Share Email Print

Proceedings Paper

Assessing embryo development using swept source optical coherence tomography
Author(s): S. Caujolle; R. Cernat; G. Silvestri; M. J. Marques; A. Bradu; T. Feuchter; G. Robinson; D. Griffin; A. Podoleanu
Format Member Price Non-Member Price
PDF $17.00 $21.00

Paper Abstract

A detailed assessment of embryo development would assist biologists with selecting the most suitable embryos for transfer leading to higher pregnancy rates. Currently, only low resolution microscopy is employed to perform this assessment. Although this method delivers some information on the embryo surface morphology, no specific details are shown related to its inner structure. Using a Master-Slave Swept-Source Optical Coherence Tomography (SS-OCT), images of bovine embryos from day 7 after fertilization were collected from different depths. The dynamic changes inside the embryos were examined, in detail and in real-time from several depths. To prove our ability to characterize the morphology, a single embryo was imaged over 26 hours. The embryo was deprived of its life support environment, leading to its death. Over this period, clear morphological changes were observed.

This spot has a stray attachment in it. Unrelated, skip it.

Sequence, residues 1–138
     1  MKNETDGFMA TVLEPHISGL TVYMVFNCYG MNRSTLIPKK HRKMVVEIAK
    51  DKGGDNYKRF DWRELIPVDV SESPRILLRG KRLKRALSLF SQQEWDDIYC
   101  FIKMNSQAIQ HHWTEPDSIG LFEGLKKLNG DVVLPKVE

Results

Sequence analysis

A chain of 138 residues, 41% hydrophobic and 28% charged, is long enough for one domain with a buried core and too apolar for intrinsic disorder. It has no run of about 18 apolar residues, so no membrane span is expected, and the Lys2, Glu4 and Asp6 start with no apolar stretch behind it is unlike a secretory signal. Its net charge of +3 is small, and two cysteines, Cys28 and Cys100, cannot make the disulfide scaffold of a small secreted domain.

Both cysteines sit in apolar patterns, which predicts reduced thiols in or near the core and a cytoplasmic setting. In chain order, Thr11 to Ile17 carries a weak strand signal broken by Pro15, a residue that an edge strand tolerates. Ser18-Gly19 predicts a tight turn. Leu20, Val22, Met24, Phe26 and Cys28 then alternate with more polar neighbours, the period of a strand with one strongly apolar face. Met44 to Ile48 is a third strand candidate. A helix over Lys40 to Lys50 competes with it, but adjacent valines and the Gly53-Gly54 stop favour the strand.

Paper Details

Date Published: 5 March 2018
PDF: 7 pages
Proc. SPIE 10591, 2nd Canterbury Conference on OCT with Emphasis on Broadband Optical Sources, 1059108 (5 March 2018);
Show Author Affiliations
S. Caujolle, NKT Photonics A/S (Denmark)
Univ. of Kent (United Kingdom)
R. Cernat, Univ. of Kent (United Kingdom)
G. Silvestri, Univ. of Kent (United Kingdom)
M. J. Marques, Univ. of Kent (United Kingdom)
A. Bradu, Univ. of Kent (United Kingdom)
T. Feuchter, NKT Photonics A/S (Denmark)
G. Robinson, Univ. of Kent (United Kingdom)
D. Griffin, Univ. of Kent (United Kingdom)
A. Podoleanu , Univ. of Kent (United Kingdom)

Published in SPIE Proceedings Vol. 10591:
2nd Canterbury Conference on OCT with Emphasis on Broadband Optical Sources
Adrian Podoleanu; Ole Bang, Editor(s)

© SPIE. Terms of Use
Back to Top
Sign in to read the full article
Create a free SPIE account to get access to
premium articles and original research
Forgot your username?